What I Love and Hate About ‘Love, Hate & Other Filters’

Reading Time: 4 minutes
Image of 'Love, Hate & Other Filters'
Image Credit: N Engineer

If you haven’t read Love, Hate & Other Filters, the debut teen novel by Samira Ahmed, do it. Do it now. It is, absolutely, a must-read. If you haven’t read it yet, be aware that this post has some mild spoilers (I tried to keep them to a minimum), so if you must read on, consider yourself forewarned.

Seventeen-year-old Maya Aziz, the main character in Love, Hate & Other Filters, is a Muslim-Indian-American living in Batavia, Illinois, a tiny town west of Chicago with no other Muslim families (although there are other families she socializes within the greater Chicago area). Maya’s parents, who had a “love marriage,” are protective of their daughter, and, growing up in a post-9/11 era, are apprehensive in a way beyond mere cultural protectiveness about sending their only child any further than Chicago for college. She doesn’t date, doesn’t eat pork, and other than being a little snarky toward her parents, Maya is a good person.

Thing #1 That I Love: Maya Is So Relatable

Despite her cultural differences, Maya Aziz is a normal American teen. She crushes on the captain of the football team. She is socially awkward. She has that awesome best friend who encourages her to step out of her comfort zone, and who is her biggest cheerleader. Her style is totally cramped by her parents. She is both excited and overwhelmed by the idea of college. And every little setback feels like the end of the world. And the big setbacks? Her reactions are totally believable.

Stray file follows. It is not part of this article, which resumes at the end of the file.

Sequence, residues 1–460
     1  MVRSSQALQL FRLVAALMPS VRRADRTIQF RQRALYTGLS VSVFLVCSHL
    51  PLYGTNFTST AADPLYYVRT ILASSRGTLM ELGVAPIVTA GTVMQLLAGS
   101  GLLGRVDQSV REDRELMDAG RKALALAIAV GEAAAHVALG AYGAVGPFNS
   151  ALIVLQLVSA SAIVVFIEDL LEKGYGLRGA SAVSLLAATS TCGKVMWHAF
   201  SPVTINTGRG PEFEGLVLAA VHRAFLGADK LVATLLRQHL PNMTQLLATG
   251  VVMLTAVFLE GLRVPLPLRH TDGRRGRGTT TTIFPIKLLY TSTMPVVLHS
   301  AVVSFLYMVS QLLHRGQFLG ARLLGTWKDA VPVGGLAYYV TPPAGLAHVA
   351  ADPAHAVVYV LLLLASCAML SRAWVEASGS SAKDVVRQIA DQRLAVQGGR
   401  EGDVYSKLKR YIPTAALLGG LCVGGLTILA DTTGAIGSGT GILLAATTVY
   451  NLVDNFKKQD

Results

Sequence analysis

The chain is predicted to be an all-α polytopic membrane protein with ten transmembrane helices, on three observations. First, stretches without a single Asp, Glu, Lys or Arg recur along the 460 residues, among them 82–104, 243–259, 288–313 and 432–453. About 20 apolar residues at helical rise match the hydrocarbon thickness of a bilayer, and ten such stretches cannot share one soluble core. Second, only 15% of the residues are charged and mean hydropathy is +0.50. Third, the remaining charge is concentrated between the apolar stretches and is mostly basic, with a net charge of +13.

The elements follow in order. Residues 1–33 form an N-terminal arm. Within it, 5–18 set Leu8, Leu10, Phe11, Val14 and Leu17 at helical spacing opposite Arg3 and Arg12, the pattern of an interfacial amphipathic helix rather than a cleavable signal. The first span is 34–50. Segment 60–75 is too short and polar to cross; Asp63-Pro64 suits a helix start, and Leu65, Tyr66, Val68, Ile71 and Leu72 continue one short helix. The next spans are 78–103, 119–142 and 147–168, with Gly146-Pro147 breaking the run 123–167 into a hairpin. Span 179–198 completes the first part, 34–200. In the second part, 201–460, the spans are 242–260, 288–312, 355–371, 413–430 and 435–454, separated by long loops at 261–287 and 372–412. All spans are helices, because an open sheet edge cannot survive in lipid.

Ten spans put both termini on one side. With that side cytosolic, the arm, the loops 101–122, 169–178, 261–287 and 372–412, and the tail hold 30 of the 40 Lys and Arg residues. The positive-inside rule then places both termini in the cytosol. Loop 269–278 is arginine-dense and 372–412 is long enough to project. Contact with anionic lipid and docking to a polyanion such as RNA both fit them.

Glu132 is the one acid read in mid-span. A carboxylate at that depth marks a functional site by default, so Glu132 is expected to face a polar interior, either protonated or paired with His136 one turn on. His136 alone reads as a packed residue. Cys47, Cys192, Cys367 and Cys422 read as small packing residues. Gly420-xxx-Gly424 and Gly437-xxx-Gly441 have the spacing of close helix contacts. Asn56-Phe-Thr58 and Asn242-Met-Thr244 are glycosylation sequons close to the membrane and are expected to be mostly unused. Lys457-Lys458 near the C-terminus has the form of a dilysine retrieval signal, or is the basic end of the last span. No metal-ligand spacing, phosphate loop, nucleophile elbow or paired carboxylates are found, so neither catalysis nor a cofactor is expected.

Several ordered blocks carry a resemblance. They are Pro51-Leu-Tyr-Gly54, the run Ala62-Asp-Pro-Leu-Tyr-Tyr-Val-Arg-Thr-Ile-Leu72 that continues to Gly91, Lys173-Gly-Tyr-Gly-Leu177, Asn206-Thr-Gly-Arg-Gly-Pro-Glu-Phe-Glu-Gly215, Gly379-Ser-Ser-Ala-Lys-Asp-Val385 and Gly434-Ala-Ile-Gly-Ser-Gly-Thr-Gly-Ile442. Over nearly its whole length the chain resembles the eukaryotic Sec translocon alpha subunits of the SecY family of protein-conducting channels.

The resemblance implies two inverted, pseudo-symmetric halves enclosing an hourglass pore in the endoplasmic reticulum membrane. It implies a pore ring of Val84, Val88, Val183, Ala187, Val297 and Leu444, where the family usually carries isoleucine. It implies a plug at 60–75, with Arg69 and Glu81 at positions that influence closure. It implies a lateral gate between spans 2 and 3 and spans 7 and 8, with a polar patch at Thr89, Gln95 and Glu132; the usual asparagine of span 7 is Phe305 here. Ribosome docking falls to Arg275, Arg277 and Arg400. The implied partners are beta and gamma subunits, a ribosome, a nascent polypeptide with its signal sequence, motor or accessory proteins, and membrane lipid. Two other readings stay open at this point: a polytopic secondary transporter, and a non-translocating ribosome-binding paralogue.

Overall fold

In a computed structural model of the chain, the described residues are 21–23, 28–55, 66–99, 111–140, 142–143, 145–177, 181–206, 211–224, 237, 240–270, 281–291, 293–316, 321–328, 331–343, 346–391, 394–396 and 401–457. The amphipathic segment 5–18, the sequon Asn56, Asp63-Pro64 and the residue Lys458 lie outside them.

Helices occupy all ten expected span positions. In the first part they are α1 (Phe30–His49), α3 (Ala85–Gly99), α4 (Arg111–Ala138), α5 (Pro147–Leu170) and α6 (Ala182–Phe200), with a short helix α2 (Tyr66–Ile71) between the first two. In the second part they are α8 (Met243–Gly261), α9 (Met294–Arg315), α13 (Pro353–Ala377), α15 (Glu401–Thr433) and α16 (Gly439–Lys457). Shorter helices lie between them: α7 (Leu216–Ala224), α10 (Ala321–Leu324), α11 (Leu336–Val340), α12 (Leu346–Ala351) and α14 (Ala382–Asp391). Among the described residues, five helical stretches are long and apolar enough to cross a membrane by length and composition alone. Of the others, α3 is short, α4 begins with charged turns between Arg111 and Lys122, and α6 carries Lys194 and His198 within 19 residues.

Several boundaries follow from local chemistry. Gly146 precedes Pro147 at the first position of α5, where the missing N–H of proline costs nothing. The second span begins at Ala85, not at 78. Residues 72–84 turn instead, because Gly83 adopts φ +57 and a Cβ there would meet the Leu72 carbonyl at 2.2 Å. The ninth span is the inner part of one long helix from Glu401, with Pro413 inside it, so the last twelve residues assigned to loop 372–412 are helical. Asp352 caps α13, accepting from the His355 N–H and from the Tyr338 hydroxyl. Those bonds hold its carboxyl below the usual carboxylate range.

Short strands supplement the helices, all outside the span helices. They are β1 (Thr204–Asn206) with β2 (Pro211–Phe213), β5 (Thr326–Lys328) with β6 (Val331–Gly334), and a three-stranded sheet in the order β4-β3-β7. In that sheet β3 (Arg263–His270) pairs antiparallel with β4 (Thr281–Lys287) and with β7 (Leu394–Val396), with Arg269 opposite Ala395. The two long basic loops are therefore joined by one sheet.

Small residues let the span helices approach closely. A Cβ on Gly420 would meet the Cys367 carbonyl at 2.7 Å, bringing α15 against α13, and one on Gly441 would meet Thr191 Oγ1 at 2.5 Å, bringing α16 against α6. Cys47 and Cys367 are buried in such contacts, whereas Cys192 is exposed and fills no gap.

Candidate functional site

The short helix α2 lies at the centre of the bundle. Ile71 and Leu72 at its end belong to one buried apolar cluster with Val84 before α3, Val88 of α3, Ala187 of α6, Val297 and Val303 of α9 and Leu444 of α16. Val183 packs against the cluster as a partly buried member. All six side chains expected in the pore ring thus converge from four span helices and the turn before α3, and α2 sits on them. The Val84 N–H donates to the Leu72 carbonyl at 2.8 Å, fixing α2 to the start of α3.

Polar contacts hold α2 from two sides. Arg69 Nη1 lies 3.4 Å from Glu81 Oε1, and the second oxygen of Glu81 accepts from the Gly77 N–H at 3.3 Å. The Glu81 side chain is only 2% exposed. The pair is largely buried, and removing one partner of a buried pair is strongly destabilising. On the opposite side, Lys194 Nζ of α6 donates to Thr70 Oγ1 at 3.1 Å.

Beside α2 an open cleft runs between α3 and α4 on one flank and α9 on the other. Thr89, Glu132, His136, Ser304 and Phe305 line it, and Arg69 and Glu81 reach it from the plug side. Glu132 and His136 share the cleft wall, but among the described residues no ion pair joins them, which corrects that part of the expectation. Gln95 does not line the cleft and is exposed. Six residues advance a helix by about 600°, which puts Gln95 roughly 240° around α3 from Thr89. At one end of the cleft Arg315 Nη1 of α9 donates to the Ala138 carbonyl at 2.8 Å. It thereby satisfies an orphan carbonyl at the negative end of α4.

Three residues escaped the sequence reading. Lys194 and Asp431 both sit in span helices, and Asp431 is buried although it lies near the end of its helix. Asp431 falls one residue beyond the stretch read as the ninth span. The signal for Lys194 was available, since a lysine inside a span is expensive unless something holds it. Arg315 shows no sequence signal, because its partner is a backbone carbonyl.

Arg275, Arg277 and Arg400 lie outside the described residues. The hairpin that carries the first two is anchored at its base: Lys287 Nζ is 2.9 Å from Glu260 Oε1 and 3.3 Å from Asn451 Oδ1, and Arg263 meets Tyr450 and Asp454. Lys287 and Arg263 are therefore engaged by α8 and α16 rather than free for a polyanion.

Thing #2 That I Love: the Writing

Clean, crisp narrative. A strong voice. Showing not telling. Doling out pertinent information that keeps the reader engaged and informed without an obnoxious info dump. The door to Maya Aziz’s story opens slowly, you are welcomed inside, and you find yourself immersed in a world that is at once new and familiar.

Meanwhile, the brief one-page italicized interjectory chapters hint at the world beyond Batavia. These worlds will collide, dramatically, but the way it is written, this happens in a “natural” way (and I use quotes on purpose) that is at once realistic and aggravating, which I will discuss later in my “What I Hate” section.

Thing #3 That I Love: the Plot

A high school senior deciding where to go to college, the outcast pining after the captain of the football team, the overprotective parents pushing traditional values: this story has all the necessary components of a great “diverse voice” coming-of-age story. There is a comforting familiarity to these typical elements, and this book is at once an homage to these tropes and a wonderful departure from them. After all, if you’ve seen one high school rom-com (romantic comedy, for the uninitiated), you’ve seen them all. And Love, Hate & Other Filters has the feel of your typical rom-com. But this is not typical. In that regard, it is delightfully refreshing and manages to do so while respecting the cultural struggles that Maya faces.

Thing #4 That I Love: the Filters

Maya loves her video camera. She loves to make movies. This is one of her defining characteristics, and it works. But Maya the Videographer is but one of the “filters” used in the story, one of the lenses through which we can follow the story. Maya the High School Senior is another, which is different from Maya the Teen. Maya the Muslim daughter is yet another. Maya the Indian, Maya the American, Maya the Daughter, Maya the Person-She’s-Meant-To-Be are a few more. Maya is a complex character that sees the world (and is seen by the world) through different filters. And even beyond Maya, there are many different ways to regard the story, many different angles from which to shed light on the many subjects covered in this book.